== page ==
900-Acre Resort Proposed At Red River Gorge
A plan for a resort on roughly 900 acres in Red River Gorge was unveiled this week.
About 100 people filled Woodland Center at Natural Bridge State Park to hear about the proposed project which includes a lodge, meeting space, private cabins and cottages, indoor and outdoor recreation, a restaurant, and an adjacent themed village of mixed use retail.
Kentucky Chamber of Commerce President Dave Adkisson said people with Appalachian roots first got together several years ago to work on the project.
“It’s a group of dedicated successful business people from eastern Kentucky who are banding together to say what can we do that would help eastern Kentucky. That’s our primary motivation. How do you create economic opportunity, jobs in a place where kids and grandkids can stay and be near their families when they develop their careers?” said Adkisson
According to information presented at the meeting, the rationale for the project is this: Kentucky has no destination resort, eastern Kentucky is experiencing an economic depression, the region is naturally picturesque, and ecotourism is one of the fastest-growing components of the travel market.
Adkisson noted a themed village could promote other regional attractions like elk-viewing or the Kentucky Wildlife Center under development.
“And you could bring people to a gateway and introduce them to those and entice day trips to some of those activities also. So, the Red River Gorge is not only a wonderful asset that a lot of people want to visit, but it’s also a natural gateway to all of eastern Kentucky,” he said Adkisson.
Adkisson said the intent is not to develop a Gatlinburg-type scene.
Slade Tourism Director Miranda Fallen said such a large development could benefit residents by improving infrastructure and communication technology.
But she said one concern with the project is a possible worker shortage.
“Then you’re going to be competing with the local businesses that are already here and I know that’s a big reason why people come to the gorge is because you have the local and small businesses that do support the area,” Fallen said.
Kirk Gilchrist runs a social media-based hiking club and said he's hiked 15,000 miles over three decades in the region. He said he doesn’t think the jobs will pay well enough to attract many worker from coal areas where coal is declining.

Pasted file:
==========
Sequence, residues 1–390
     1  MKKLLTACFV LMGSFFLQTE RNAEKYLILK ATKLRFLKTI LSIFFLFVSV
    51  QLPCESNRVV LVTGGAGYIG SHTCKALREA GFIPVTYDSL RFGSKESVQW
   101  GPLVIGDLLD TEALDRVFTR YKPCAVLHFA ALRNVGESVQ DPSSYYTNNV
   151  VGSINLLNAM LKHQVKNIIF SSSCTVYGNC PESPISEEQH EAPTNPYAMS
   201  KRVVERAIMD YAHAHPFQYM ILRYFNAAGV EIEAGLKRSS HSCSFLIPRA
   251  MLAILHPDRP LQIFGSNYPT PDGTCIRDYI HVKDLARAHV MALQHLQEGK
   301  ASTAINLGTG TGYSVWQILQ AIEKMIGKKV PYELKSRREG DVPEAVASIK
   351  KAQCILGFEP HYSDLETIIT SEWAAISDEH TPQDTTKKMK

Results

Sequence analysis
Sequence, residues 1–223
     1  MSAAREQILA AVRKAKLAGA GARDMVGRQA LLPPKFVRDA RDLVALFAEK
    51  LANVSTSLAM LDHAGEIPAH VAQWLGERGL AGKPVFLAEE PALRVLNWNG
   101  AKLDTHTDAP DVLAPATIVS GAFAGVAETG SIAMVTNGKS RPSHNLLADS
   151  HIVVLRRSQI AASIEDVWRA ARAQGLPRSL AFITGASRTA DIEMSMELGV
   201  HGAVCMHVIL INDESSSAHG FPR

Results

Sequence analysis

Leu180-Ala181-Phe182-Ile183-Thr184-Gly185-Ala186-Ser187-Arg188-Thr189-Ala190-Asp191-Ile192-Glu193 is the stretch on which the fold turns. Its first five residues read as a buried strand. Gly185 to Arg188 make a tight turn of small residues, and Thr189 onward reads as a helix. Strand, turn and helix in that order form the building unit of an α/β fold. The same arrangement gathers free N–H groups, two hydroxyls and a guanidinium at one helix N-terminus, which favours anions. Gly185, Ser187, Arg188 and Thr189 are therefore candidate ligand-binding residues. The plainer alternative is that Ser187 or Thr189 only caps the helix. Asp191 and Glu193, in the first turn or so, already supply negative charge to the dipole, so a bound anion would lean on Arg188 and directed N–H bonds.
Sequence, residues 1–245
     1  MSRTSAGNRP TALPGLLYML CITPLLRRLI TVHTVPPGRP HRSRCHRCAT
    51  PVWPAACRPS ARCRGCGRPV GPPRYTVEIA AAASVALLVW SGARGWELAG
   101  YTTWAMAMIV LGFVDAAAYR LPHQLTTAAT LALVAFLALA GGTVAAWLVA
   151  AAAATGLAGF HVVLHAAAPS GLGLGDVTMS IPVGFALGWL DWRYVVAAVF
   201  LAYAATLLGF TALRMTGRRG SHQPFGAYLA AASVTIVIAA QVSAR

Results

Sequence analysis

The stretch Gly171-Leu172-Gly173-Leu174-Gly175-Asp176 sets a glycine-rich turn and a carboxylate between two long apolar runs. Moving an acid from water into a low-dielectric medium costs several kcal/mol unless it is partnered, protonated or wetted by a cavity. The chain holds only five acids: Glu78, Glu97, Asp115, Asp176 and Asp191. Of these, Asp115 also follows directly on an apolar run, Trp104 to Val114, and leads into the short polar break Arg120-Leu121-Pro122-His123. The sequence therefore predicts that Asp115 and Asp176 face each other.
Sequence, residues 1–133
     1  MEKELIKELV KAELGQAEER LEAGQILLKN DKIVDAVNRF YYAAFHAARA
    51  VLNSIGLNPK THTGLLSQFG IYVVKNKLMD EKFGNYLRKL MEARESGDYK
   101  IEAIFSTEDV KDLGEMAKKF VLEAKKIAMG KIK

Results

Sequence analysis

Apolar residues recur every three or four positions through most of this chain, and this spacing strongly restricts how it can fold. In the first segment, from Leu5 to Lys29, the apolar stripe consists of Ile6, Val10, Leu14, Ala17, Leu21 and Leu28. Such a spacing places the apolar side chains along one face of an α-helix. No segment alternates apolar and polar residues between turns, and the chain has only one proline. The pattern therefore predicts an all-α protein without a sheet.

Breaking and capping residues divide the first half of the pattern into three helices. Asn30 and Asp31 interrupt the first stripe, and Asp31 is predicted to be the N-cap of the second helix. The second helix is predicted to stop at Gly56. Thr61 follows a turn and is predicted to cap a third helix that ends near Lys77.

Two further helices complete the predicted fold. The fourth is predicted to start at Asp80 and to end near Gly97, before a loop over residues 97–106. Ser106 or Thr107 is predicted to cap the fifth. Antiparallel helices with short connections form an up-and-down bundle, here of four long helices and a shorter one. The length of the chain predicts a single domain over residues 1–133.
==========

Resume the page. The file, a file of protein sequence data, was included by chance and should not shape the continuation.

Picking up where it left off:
John Pohlman of Versailles has been hiking the gorge for 50 years. He worries all-terrain vehicles could lead to environmental degradation. Plus he questions how the land will be used.
“Why would you have a 900 acre piece of land right in the middle of the Red River Gorge and also right next to Natural Bridge?" he said. "You have this incredible bridge right next door and the Gorge down the road and they have 900 acres of additional hiking, I don’t get it."
Aaron Dorsen, who helps manage a small cabin rental company, was among the many business owners attending the meeting, He asked that, if the development comes, consideration be given to alternative energy including solar, geothermal heating, and the use of special lights that minimize glare.
“That would minimize the light pollution typically that you see at resorts and allow people to enjoy the night dark sky, actually see the stars,” said Dorsen.
An overriding theme of the three-hour meeting was giving the local community significant involvement in any development effort. Kristen Wiley helps run Kentucky Reptile Zoo in Slade. She argues for local investment opportunities.
“Not only could that potentially benefit them in the long run, but that would also benefit the actual investment itself, because then you have local people who actually really care about the success or failure of that resort ,” Wiley said.
Cory Graham and his family have a long history in the region. He said any change is daunting, but to be competitive in today’s economic structure, it’s beneficial to be open minded. Graham isn’t worried the additional bricks and mortar would harm the natural feel of the gorge.
“The eastern part of Powell County is a vast landscape and there’s plenty of room to put things without necessarily piling them on top of the nature that draws people here in the first place,” he said.
Another message emphasized by Adkisson with the Kentucky Chamber is that the project is not a done deal. In fact, he gives it about a 50-50 chance at this point. Hiring a master plan consultant is the next step and could happen in the next couple of weeks. Preliminary work is being funded by a $500,000 grant from the Appalachian Regional Commission. The state is expected to contribute a similar amount.